The absence of adequate soccer fields is present in much of northern Santa Barbara County, according to Mota, who commutes from her home in Lompoc to Santa Maria three times a week for her son’s soccer practices and games. She said Lompoc has similar issues: There are few fields, and the ones that do exist are poorly cared for.

Fielding needs

Thousands of kids are actively involved in Santa Maria’s various soccer leagues and school teams. There are roughly 1,000 kids of all ages, and more adults, enrolled in the Central City Soccer League alone, according to the league’s president, Juan Velasco.

But Velasco said the city hasn’t kept up with soccer’s growing popularity as a year-round sport. Coaches often struggle to find available fields for all the league’s teams on Sundays, Velasco said, which are game days for this particular league.

“And we just don’t have room for the kids,” Velasco said. “And that’s why you see a lot of kids wandering on the streets.”

A group of famous soccer players who formerly played for Club Deportivo Guadalajara, a professional Mexican soccer club more commonly known as Chivas, beat Santa Maria’s 1st Division adult league champions, the Red Devils, 4-1 in a fundraiser game on Nov. 5. Local kids had time to meet the professionals and stood with them for the opening ceremony (pictured).

But Santa Maria does have fields.

Several leagues frequently use Adam and Crossroad basins and Atkinson Park for games on Saturdays and Sundays, according to Alex Posada, director of the Santa Maria Recreation and Parks Department. There are 12 other parks that teams typically use for practices, Posada said, including four that are used occasionally for games. Those fields each cost $10.50 an hour to rent without lights, and $22.50 with. But Posada said from November to February the field lights at Minami Park are turned on for free Mondays through Thursdays until 8:15 p.m.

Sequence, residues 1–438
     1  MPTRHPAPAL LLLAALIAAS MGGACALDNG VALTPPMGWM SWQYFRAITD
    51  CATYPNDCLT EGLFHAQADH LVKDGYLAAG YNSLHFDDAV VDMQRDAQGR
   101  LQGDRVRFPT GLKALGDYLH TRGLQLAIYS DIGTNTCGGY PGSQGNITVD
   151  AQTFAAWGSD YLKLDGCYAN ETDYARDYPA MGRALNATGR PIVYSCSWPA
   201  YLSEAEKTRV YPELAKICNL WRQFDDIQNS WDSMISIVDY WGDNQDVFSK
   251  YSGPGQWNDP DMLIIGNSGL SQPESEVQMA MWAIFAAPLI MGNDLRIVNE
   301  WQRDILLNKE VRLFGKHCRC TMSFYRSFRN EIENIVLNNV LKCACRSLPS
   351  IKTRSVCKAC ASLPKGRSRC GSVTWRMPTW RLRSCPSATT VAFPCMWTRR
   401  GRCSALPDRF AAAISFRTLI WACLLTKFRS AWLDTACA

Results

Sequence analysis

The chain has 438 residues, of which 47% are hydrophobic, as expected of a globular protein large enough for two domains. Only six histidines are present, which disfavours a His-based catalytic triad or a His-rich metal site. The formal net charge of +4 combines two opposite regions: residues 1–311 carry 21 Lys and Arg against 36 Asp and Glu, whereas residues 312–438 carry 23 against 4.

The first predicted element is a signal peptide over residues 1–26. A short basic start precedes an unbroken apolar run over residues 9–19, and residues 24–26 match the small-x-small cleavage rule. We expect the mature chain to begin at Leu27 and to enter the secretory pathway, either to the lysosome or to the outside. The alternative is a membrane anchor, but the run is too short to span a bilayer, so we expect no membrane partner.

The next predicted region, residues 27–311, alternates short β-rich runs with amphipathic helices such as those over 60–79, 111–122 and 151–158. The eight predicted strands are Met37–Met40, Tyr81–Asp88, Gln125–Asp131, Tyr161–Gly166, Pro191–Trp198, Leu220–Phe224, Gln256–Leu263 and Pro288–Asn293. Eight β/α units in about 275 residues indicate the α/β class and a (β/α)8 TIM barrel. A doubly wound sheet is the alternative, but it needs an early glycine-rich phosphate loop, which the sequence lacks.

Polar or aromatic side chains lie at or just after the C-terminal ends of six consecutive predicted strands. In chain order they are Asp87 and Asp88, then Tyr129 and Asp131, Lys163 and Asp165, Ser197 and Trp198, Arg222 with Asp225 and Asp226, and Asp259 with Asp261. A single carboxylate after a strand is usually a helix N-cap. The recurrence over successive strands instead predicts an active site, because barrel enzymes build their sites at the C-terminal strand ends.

The leagues also pay additional fees for games, Posada said, and Recreation and Parks develops different payment plans for each league based on its particular field needs.

Still, a Recreation and Parks commissioner said in a meeting on Oct. 10 that a needs assessment found the city to be 200 acres short of what the community needs for recreational field use. And Velasco said that many teams are forced to use school fields for practices and games, and the districts aren’t always helpful.

Schools sometimes lock the fences surrounding their fields, Velasco said, and when the fields are available, they’re often poor quality. A lot of schools never answer requests for use, Velasco said, and to top it all off, fields are expensive to rent. Velasco said the league typically pays $300 for a full day. And that, he said, is considered a reasonable price. Stadiums, which the league only rents for special events, are almost entirely unaffordable.

But Velasco said the Santa Maria Joint Union High School District (SMJUHSD) has made a real effort to help Central City Soccer League find space.

“Thanks to them the program is still going,” Velasco said. “Otherwise we wouldn’t be playing at all.”

SMJUHSD has three soccer fields, one at each of the district’s schools except Delta High School. Those fields are usually in use during the week, according to SMJUHSD Public Information Officer Kenny Klein, by the district’s various soccer and other sports teams, marching bands, and programs. The fields aren’t always open, Klein said, because the general public presents a liability issue for the district.